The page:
Ididn’t choose to amass so much material about the repercussions of depression on a person’s life.
But after major depressive disorder incapacitated me for five years, stole my writing voice plus livelihood, and left me to hold my own hand, writing about it all is how I’m getting back on my feet.
The last five years were a huge steaming pile of excrement so can I use them to grow a new life, word by word?
This is what I asked myself last July as I set out to document how the illness worms its way into every single aspect of your life.
In my case, illness and hardship kept me trapped in America for years on end and nearly cost me my relationship with my family in France. I’ve been trying to make amends since flying back to Europe at the end of December but it’s an ongoing, arduous process.
My father felt I had abandoned him and was very angry with me for the best part of three months; my mother remains desperate for attention. What’s more, Stage IV cancer is killing my stepmom, depression is killing my marriage and my finances, and I need to figure out how to remain in the EU so I can be present for my parents even though I live in the US.
In short, I have oodles of self-replenishing material to draw from.
But although I live on the edge of collapse, I fight illness by planting words, day in, day out, and tending to my pages garden.
“Depression is taking up all the space in your writing, it’s always there,” a well-meaning friend once remarked.
The fact that it is chronic may have something to do with it.
While I haven’t lost the ability to turn my hand to almost anything, my daily life is very much about keeping the illness in check while I go about doing everything else.
It’s inevitable my writing should reflect this and embracing radical honesty means I will neither occult nor hide how much I struggle.
When I committed to getting back on my feet through the power of my keyboard, I knew it’d be both a challenge and a messy process.
But the more you expose it in print, the more depression relaxes its grip on your psyche.
It’s a very curious thing. Articulating my experience is frequently painful but whenever I do it, it lets me breathe for a while. Gardening is both meditative and relaxing, so is writing sometimes.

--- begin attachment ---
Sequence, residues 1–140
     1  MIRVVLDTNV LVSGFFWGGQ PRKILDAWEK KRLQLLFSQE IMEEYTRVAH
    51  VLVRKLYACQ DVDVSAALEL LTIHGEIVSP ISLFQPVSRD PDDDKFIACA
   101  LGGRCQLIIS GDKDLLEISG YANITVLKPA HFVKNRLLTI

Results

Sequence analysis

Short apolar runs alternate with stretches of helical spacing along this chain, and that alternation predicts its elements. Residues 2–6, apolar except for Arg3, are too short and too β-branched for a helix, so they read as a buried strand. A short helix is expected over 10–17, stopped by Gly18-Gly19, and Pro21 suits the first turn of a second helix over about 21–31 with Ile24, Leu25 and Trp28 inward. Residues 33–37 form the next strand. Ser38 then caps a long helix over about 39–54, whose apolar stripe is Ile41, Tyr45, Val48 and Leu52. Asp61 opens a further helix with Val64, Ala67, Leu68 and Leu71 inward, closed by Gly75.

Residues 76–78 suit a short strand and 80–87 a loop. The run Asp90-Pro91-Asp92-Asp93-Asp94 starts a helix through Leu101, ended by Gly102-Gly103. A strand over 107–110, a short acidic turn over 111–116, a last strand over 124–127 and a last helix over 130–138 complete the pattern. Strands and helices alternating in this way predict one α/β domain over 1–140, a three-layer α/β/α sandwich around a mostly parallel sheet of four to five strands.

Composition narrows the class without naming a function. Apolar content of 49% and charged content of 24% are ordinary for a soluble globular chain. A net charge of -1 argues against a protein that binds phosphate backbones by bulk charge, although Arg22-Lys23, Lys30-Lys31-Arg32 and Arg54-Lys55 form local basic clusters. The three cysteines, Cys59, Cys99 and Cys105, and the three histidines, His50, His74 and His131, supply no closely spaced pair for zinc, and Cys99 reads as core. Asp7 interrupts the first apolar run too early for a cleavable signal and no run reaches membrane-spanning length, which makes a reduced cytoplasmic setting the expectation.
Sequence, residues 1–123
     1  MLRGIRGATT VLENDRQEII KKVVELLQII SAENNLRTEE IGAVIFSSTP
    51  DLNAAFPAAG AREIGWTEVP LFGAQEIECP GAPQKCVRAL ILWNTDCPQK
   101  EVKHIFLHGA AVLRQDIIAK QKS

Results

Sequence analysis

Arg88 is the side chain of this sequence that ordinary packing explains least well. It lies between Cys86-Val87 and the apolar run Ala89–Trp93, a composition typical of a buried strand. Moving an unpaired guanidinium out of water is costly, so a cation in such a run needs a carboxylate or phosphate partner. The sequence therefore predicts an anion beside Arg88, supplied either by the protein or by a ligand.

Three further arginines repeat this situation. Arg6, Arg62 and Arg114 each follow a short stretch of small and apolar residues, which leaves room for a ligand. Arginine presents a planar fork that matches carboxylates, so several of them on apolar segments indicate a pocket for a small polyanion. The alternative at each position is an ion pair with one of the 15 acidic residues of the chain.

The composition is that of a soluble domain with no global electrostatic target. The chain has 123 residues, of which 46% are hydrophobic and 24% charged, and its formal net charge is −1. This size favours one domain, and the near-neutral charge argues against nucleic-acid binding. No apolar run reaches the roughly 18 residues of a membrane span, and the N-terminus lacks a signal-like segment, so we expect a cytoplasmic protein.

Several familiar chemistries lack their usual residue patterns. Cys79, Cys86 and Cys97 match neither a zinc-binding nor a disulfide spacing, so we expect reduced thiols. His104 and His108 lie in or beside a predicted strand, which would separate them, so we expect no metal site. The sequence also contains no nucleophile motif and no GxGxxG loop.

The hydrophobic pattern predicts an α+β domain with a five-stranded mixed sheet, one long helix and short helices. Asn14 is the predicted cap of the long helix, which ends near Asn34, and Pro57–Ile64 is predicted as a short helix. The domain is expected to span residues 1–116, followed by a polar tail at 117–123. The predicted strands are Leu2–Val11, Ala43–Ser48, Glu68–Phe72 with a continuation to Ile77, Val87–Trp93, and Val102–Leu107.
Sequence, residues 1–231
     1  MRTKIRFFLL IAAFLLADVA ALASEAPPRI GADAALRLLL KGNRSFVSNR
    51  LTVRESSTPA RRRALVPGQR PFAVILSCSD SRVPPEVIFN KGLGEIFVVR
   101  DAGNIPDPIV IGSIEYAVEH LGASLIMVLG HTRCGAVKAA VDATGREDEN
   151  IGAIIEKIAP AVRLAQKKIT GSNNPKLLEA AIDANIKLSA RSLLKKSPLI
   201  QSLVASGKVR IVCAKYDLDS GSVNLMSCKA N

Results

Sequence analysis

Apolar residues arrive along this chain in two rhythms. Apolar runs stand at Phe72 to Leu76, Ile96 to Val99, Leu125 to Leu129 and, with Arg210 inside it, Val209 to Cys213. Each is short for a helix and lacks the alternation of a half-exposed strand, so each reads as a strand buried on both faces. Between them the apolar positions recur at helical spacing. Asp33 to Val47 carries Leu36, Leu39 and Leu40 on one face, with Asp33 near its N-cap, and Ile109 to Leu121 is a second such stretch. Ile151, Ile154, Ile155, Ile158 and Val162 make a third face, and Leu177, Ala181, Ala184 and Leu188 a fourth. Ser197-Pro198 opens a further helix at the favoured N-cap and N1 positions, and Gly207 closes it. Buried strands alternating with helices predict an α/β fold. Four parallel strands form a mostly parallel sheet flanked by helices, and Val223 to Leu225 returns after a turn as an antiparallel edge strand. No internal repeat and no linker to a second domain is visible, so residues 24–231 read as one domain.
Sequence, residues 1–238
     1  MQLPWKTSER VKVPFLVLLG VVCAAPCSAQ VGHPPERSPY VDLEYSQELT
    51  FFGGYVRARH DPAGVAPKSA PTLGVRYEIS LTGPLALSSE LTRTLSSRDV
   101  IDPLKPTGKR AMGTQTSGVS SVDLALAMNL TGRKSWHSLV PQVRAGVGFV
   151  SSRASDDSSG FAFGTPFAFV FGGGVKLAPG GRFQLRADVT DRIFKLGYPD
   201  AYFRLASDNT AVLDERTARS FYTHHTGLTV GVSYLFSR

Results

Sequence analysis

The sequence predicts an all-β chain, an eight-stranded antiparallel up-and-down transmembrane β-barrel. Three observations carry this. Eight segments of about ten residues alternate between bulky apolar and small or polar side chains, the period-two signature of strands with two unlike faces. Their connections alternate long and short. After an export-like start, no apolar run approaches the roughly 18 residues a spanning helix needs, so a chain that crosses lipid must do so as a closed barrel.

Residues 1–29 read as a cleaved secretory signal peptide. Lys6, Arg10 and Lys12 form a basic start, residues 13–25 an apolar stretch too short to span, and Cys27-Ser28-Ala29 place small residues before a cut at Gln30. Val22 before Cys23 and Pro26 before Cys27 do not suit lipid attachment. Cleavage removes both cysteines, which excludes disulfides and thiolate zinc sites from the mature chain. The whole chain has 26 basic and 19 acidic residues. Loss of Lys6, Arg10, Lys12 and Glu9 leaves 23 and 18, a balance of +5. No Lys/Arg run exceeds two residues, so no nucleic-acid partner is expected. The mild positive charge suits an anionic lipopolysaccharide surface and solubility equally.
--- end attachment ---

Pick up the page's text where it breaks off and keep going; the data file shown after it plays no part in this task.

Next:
Sure, it doesn’t smell of roses but hey, this is the material I’ve got so it’s the material I use.
Having a chronic illness means it is wont to bleed through your work.
I did choose to give it center stage when I realized I could apply my vocation to the material I had to try and pry minds open with a pen.
When you humanize pain, especially something that is concealed within your head, it becomes relatable.
Chronic illness is a lifelong tango with a moody dance partner you constantly fight for the lead. As this dance happens within the privacy of our own cranium, no one else knows what’s going on unless we mention it.
Also, hope is the most effective tool in managing mental illness. In that sense, every word I manage to commit to paper is a sign of hope I’m sending out into the world.
Every word you read means resistance; the act of writing itself it is defiance made manifest.
Because depression tends to affect every aspect of one’s life, I started writing about love, relationships, and even sex.
But everything always comes back to this immutable illness that seems to oversee my every move, watching me like a hawk, ready to pounce.
And pounce it does, regularly. Through a combination of stress, lack of sleep, and overwork, I do crash quite a lot, something that is difficult to explain to others.
Since starting to write again last summer, depression has been the thread that runs through my work.
As I reconnect with parts of my identity the disease had temporarily rendered inaccessible, the fabric of my life is changing from monochrome back to technicolor.
For example, reactivating my Portuguese and going back to living a trilingual life has improved my wellbeing no end. Most days, Portuguese is a shield against depression and the antidote, a strong link to a former self who was capable, creative, and resourceful.
And it is bringing me back to life.
While this may sound a little weird, here’s a practical example. There’s no depressive funk of mine that survives heavy doses of Portuguese electro-pop, even if I have to play albums on a loop for several hours a day.
And music helps my words grow. Not only does it keep me focused on my work but it’s doing wonder for my Portuguese vocabulary too!
You are never your illness, it is just something that happens to you.
While writing about depression won’t bring back the five years I lost, it might just turn them into something useful.
Sharing your experience in print can go a long way toward helping you gain perspective and offer you — and those you write for — a modicum of respite.
While depression has a way of eroding the self and disappearing people, creating something out of psychic pain is a way to transform it, even transcend it.
So why not plant words and watch them grow? After all, wildflowers bloom even in the most inhospitable of soils, against all odds.
I’m a French-American writer, journalist, and editor living out of a suitcase in transit between North America and Europe. To continue the conversation, follow the bird. For email and everything else, deets in bio.